Case 2: Derrick's Malaise

Synopsis: An epidemic caused by a fungus has begun in the U.S with potentially devasting effects on the corn crop. Derrick Hernandez and Maria Santini are graduate students studying the epidemic and crop improvement. An important resource in their studies is wild corn, teosinte, which may be resistant to the fungus. Teosinte grows in a few isolated locations in Central America. Maria, a geneticist, and Derrick, an ecologist, are headed south for their first field season. Maria went first to Mexico city to do some archival research on Zea at the Tiemplo Major. Derrick went first to Guatemala to another teosinte site. He'll join Maria and other researchers at the main teosinte site in the mountains of western Mexico, near the town of Durango.



Derrick's Malaise - Part 1:

Derrick waved goodbye to his father and got on the plane for Guatemala. It had been fun visiting the family in Houston, Texas despite the steamy heat so early this summer. His first season of field research was about to start and he was excited. He would have just two weeks to study the ecology of a new teosinte site in the valley of the Rio Huista before going on to Mexico where he would join up with Maria and the rest of the team.

Derrick loves field work. An early riser, Derrick would get up before dawn to be ready to head out at first light. As he had found in Texas, the mosquitoes were worst at dawn and dusk. He was so busy that he just splashed on some repellant, then ignored the mosquitos as best he could. At night, he faithfully used mosquito netting.

Two days after arriving in Mexico from Guatemala, Derrick felt like he had the flu. He climbed down the mountain (with Maria who was quite ill), to visit the doctor in Durango. After testing his blood, Dr. Stegnaro said, "You have malaria. It's caused by a protozooan."

"Oh, isn't that caused by Plasmodium?" Derrick asked. "I took the drugs the CDC recommended as protection against malaria. Wasn't that enough?"

"Well, there are several different kinds of Plasmodium, and sometimes people get malaria even if they've done everything right," Dr. Stegnaro replied. "Seems like we're seeing more and more of it recently." He prescribed sulfadoxine, an antimalarial drug, and Derrick left. Shrugging his shoulders, Dr. Stegnaro thought to himself, "Here's another case of malaria I have to report to the World Health Organization.'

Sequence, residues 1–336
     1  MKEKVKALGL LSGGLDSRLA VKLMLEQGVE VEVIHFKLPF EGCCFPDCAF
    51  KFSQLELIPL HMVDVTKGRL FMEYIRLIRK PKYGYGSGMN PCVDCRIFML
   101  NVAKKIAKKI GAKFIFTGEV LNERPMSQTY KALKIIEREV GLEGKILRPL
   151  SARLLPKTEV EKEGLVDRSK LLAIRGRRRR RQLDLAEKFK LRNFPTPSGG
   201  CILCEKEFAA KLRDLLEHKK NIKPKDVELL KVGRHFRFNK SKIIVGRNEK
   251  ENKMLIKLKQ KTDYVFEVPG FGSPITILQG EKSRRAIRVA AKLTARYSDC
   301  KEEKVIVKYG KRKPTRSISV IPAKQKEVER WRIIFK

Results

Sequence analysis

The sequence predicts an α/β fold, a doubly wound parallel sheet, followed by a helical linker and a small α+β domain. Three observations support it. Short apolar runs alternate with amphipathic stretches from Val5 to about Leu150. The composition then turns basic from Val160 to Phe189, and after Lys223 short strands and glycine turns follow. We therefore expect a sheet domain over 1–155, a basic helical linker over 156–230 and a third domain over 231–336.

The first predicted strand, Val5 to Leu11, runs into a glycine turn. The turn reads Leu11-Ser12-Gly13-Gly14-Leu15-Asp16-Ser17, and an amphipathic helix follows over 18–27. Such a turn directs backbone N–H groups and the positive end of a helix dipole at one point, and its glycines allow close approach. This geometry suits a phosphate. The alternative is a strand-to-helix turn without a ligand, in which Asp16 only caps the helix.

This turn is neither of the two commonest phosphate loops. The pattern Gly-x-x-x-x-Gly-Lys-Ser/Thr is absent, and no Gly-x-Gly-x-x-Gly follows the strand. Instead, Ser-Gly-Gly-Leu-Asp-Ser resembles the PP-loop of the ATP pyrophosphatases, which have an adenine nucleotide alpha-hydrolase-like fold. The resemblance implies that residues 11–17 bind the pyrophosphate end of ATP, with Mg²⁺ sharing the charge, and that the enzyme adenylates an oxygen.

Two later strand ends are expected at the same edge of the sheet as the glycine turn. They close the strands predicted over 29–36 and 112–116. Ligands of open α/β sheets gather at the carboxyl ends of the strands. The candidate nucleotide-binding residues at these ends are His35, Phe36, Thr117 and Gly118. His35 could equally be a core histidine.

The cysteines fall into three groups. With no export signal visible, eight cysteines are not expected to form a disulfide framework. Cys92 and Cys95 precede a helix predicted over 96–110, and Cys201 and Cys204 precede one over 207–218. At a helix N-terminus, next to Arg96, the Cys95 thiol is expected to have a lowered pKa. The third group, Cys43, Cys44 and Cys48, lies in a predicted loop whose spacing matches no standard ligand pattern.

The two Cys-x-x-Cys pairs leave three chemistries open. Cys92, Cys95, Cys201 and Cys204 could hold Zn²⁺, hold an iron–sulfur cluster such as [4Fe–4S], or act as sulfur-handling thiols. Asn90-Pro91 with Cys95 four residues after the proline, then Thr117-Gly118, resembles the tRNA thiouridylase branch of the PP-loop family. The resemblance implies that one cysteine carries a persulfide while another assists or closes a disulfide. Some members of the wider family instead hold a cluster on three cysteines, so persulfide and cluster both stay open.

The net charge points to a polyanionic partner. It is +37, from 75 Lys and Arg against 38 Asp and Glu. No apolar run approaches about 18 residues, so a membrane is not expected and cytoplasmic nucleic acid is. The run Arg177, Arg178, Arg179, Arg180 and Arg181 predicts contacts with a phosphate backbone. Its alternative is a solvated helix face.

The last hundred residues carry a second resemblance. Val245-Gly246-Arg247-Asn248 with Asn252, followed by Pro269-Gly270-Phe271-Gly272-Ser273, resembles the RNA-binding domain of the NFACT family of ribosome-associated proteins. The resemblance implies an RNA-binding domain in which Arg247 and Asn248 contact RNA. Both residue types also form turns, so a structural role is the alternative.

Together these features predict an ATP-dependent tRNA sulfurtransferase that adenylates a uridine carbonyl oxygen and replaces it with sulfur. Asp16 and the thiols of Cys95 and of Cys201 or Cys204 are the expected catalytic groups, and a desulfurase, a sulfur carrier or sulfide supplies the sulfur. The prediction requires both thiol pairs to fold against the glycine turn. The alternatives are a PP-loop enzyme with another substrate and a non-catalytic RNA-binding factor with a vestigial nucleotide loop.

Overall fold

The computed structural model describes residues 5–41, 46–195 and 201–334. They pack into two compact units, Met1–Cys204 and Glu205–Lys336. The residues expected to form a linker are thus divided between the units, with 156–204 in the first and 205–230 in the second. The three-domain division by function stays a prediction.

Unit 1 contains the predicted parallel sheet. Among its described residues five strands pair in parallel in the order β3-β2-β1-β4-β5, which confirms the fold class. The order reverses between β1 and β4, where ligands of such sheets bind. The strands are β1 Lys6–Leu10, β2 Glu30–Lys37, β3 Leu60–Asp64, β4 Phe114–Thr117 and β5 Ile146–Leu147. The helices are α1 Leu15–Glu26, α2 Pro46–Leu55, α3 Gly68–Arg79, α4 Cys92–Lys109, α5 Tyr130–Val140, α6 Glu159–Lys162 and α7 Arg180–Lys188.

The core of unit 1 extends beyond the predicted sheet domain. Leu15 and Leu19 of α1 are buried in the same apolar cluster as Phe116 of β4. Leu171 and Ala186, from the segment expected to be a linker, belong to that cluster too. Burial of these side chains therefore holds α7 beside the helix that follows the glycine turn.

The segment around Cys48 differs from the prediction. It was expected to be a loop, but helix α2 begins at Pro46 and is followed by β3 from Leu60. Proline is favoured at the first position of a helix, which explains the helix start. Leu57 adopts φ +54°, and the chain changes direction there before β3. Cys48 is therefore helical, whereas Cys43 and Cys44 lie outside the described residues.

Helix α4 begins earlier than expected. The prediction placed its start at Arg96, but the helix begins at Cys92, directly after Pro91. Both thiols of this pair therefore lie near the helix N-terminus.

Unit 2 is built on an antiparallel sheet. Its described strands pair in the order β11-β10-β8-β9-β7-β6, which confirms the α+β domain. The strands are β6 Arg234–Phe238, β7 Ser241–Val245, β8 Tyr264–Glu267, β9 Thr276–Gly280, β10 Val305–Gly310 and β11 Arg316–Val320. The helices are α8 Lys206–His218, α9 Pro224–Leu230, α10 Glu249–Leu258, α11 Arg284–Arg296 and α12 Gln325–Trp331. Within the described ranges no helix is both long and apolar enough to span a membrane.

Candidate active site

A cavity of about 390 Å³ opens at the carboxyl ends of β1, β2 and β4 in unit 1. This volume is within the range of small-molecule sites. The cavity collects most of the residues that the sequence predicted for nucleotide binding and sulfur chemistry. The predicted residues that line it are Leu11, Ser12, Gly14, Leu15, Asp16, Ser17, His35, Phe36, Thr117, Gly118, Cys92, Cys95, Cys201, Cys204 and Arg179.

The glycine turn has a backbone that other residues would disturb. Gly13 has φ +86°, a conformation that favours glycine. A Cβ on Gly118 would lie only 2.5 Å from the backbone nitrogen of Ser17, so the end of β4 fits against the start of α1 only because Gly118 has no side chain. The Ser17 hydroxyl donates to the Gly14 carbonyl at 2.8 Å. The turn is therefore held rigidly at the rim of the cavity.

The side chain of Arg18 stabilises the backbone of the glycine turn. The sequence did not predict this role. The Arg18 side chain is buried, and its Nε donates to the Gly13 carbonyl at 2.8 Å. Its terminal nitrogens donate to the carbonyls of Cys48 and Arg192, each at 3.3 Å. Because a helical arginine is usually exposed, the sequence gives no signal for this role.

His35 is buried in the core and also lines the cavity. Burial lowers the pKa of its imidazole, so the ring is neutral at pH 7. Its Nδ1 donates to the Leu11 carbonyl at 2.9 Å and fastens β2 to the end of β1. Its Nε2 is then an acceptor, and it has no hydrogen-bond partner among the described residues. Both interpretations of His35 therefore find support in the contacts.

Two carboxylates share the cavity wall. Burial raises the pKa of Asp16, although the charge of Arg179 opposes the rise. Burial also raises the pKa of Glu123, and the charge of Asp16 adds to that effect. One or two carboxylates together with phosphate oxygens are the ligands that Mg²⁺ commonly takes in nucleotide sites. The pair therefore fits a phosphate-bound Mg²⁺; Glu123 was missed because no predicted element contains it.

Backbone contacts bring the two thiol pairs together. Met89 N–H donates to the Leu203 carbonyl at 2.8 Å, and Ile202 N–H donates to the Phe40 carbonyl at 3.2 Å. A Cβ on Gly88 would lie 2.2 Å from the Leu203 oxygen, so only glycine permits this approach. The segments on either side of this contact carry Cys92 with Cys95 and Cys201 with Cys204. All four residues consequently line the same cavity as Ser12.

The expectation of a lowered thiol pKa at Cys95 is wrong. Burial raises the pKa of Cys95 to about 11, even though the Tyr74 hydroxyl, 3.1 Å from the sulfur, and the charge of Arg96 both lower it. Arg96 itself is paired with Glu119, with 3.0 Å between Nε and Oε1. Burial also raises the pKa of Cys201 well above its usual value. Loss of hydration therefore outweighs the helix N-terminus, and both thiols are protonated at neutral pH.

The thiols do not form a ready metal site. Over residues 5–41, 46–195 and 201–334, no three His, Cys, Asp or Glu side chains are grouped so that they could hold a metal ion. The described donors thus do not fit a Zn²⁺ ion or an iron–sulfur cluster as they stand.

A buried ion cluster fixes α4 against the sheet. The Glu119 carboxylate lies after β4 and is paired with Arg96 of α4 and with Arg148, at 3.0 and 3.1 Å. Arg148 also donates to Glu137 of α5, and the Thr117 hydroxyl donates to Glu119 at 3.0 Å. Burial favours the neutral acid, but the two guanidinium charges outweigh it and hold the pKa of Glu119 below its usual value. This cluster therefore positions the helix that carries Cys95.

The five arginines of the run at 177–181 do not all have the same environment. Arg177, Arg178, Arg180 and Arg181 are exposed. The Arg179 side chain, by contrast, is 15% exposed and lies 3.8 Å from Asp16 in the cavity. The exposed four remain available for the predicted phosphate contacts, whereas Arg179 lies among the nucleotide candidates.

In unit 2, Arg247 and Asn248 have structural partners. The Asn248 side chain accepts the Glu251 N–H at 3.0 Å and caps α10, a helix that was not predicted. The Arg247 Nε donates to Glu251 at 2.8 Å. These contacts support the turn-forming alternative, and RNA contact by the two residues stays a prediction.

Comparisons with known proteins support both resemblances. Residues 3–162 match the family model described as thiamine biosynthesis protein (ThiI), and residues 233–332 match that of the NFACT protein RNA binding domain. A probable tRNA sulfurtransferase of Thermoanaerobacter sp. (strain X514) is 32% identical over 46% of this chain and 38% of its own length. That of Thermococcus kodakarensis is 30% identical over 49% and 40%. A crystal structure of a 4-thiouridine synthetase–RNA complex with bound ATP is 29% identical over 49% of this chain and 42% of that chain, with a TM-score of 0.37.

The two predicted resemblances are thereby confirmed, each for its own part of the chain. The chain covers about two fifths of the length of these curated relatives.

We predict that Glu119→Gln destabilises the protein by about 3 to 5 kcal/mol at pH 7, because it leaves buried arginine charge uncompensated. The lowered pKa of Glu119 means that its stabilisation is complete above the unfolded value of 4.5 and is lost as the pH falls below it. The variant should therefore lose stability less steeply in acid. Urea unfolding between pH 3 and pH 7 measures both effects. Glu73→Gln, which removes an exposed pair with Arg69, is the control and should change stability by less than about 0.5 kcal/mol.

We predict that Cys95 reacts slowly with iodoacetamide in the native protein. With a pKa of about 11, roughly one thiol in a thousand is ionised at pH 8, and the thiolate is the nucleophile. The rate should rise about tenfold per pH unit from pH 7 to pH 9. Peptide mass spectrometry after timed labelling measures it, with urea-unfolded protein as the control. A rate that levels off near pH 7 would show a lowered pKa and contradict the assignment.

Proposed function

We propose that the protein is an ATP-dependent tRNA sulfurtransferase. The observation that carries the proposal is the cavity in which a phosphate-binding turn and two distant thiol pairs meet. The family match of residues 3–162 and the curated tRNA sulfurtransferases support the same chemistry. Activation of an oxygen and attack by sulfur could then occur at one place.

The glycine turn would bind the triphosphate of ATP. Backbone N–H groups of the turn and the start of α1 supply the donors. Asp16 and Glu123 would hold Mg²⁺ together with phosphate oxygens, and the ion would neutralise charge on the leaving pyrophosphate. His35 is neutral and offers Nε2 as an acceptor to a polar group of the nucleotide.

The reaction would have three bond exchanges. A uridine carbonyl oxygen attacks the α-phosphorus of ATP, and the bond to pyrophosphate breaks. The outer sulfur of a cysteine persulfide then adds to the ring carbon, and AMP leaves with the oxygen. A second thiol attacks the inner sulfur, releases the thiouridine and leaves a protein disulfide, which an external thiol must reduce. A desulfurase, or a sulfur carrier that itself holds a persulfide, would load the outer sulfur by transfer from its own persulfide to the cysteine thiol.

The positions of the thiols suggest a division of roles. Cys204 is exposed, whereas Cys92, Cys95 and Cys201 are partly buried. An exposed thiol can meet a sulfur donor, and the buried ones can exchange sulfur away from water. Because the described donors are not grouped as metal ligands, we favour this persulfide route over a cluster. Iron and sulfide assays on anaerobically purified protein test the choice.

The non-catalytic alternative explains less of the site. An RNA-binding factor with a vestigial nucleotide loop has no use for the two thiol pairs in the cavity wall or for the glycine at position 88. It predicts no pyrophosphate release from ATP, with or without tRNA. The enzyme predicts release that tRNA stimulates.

After the malaria drugs took effect, Derrick was able to finish his field work in Mexico.


Derrick's Malaise - Part 2:

About a month after returning home, Derrick began to feel sick His roommate took him to the university clinic. It was the malaria. "How could I have these symptoms again?" Derrick asked the resident, Dr. Welty. "I know I finished my prescription."

"I'm not sure. We'll be needing a blood sample so we can analyze the bug causing you this trouble. In the meantime, let's try a different drug. I'm going to switch you to chloroquine," Dr. Welty suggested. "You know, malaria is the most common infectious disease in the world. I've got some contacts at CDC who may be interested in your case. May I share your records with them?" Derrick nodded.

Derrick's roommate asked, "Dr. Welty? Can I get malaria from Derrick?"

"You have nothing to worry about," the doctor replied, but Derrick's roommate wasn't entirely comfortable.

Derrick's Malaise Part 3:




Susan Welty glanced at the screen and clicked on the Send button. She had just replied to Steve Murphy who had identified her patient's parasite as P. falciparum. to let him know that Derrick had travelled through Houston, Guatemala, and northern Mexico during the estimated time of exposure to malaria. She copied Emily Chen at the CDC to describe the recurrence of malaria in her patient Derrick. She added a note to Andre Braun at WHO in Geneva as well to document the unusual case.


  Return to ICBL Main Page